The Collection

The Museum "G. Olivi" is based on the collection of marine zoology of the Adriatic. Its eventful life began in the second half of the 19th century in Trieste, at the Zoological Laboratory of Sant'Andrea, a quite active research institution. This is where the collection of marine organisms began, where scientists from all over Europe carried out their work, and where oceanographic cruises aimed at exploring the Adriatic and collecting extraordinary specimens set out. Unfortunately, in 1915, when World War I broke out, the Zoological Laboratory of Sant'Andrea was badly understaffed and had to cease its activity. Most scientists and researchers had to give up their work and join the army. In November 1918, when the war ended and Trieste was incorporated into Italy, the Regio Comitato Talassografico Italiano (Royal Italian Thalassographic Committee) reorganised many marine biology institutions, including the Laboratory of Sant'Andrea. On that occasion, the collection of specimens and the library of the Trieste lab were relocated to the Italo-German Laboratory of Rovigno. Here, further thalassographic campaigns brought the collection to up to 1600 specimens, preserved in museum jars, and about 1000 slides containing preserved microscopic organisms.

In 1943, at the height of World War II, also the Rovigno Laboratory was closed. However, thanks to the courage and enterprise of Aristocle Vatova, the Italian director of the Rovigno Laboratory, the by then historical collection was transferred to Venice, where it was temporarily stored in the basement of the Institute of Adriatic Studies.The collection was briefly exhibited in a room of the Museum of Natural History of Venice, but the specimens were soon removed and gathered in the rooms of the Fondazione Canonica, where they remained for many years. Sadly, continuous relocation, often to unsuitable places, caused irreparable damage to part of the collection.

In the 1950s, Umberto D'Ancona, at the time director of the Institute and Museum of Zoology and Comparative Anatomy of the University of Padova, and one of the greatest Italian zoologists of the past century, started looking for a suitable location for the specimens. At last, in 1968, the so-called "Rovigno collection" was definitively transferred to the Hydrobiologic Laboratory of Chioggia, a small laboratory of marine biology which D'Ancona himself had foresightedly created to develop Padova’s research on the subject.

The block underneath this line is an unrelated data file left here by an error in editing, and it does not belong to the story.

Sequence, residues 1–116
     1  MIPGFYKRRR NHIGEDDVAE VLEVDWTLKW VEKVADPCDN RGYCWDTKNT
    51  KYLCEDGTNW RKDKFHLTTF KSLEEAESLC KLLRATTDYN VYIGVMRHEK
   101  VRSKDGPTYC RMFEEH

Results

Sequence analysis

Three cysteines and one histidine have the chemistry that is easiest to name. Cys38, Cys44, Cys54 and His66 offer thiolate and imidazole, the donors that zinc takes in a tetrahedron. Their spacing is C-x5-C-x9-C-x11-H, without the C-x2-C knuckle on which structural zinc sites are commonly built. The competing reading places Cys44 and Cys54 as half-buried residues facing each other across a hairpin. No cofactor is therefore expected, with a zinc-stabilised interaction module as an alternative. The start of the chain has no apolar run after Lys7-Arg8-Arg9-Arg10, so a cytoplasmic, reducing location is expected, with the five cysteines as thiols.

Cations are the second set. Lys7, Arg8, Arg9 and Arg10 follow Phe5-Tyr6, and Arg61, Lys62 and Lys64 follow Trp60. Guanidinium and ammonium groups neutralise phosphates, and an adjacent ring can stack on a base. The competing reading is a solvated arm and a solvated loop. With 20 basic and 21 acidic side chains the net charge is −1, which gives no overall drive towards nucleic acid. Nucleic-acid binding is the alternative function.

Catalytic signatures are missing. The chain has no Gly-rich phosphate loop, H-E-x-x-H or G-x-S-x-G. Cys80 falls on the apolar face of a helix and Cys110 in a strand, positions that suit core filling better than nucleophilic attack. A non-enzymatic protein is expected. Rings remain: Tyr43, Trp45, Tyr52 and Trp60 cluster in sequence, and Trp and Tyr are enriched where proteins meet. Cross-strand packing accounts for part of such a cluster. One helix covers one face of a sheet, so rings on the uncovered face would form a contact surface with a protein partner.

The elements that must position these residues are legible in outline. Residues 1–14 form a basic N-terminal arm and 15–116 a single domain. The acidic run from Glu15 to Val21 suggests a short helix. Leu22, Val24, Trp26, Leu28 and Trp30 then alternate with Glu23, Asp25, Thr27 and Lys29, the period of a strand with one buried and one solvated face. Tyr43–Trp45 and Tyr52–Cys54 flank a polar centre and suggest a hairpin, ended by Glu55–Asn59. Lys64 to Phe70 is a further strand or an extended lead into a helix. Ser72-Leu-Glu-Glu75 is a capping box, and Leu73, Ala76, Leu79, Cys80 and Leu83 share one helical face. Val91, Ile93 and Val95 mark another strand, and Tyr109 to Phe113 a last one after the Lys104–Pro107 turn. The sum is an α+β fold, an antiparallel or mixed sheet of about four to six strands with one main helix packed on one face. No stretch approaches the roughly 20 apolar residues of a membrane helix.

As soon as a suitable venue was found, the material was gradually reorganised. Several Padova’s Professors were involved, like Giorgio Marcuzzi, Riccardo Brunetti and Margherita Turchetto who, in 2002, restored and catalogued the precious marine specimens with funds provided by the Fondazione della Pesca (Fishery Foundation) of Chioggia.

Today, special thanks are due to Elisa Cenci and Nicole Chimento as they personally cared for the present collection display. In 2010, they performed the specimen count, catalogued them, changed their preservation liquids and transferred them to Palazzo Grassi. Their invaluable work has, eventually, allow to know the collection actual sum: a total of 1258 specimens, representative of about 700 species. The total number of species is still uncertain, as experts are needed to carry out analyses on the still undetermined specimens (see table).

Although the main academic goal was to preserve the collection from deterioration, a long lasting desire was its public display. The key solution came as an agreement whereby the City of Chioggia provided some rooms of Palazzo Grassi for use to the University of Padova, which could carry out activities associated with marine biology. This has been a major step, leading to the opening of the Museum "G. Olivi" in 2011. Thanks to essential economic support of the Veneto Region, a selection of 350 historical specimens are now on display. Visitors may learn about the Adriatic biodiversity of sea and lagoon environments, and reflect on their conservation.

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